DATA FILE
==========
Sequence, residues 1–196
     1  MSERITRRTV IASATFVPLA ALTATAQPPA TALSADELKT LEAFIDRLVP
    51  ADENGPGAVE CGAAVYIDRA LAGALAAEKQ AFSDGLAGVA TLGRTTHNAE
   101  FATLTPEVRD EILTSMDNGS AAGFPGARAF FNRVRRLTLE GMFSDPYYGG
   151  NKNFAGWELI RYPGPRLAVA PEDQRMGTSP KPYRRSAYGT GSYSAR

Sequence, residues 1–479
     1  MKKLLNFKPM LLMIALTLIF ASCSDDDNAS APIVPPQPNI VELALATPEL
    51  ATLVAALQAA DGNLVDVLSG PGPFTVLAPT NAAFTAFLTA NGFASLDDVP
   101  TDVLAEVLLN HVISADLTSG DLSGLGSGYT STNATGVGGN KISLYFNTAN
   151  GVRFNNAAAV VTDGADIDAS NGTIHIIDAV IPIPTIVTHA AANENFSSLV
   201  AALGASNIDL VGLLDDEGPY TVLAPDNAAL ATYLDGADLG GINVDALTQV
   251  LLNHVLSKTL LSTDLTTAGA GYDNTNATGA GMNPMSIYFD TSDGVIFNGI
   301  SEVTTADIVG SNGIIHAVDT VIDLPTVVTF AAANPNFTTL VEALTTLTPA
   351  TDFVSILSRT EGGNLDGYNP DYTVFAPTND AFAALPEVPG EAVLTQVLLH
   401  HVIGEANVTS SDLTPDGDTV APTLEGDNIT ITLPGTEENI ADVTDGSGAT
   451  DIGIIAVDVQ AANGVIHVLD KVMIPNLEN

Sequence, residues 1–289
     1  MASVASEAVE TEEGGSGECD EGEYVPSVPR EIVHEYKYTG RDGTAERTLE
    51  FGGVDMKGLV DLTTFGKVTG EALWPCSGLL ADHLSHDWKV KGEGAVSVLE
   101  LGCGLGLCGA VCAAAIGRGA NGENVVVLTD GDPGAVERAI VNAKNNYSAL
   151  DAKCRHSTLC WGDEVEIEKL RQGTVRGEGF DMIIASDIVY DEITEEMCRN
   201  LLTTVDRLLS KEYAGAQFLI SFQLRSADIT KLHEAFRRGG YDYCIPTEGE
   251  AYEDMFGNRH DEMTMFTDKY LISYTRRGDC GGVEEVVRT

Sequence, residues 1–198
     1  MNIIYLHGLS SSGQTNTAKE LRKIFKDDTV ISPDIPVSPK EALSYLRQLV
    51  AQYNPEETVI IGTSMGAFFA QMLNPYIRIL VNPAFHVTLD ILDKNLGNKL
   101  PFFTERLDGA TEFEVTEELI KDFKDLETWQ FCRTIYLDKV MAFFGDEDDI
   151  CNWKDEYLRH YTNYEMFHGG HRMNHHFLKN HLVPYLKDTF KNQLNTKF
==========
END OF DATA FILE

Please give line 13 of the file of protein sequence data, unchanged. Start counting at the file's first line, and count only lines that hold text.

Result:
   301  SEVTTADIVG SNGIIHAVDT VIDLPTVVTF AAANPNFTTL VEALTTLTPA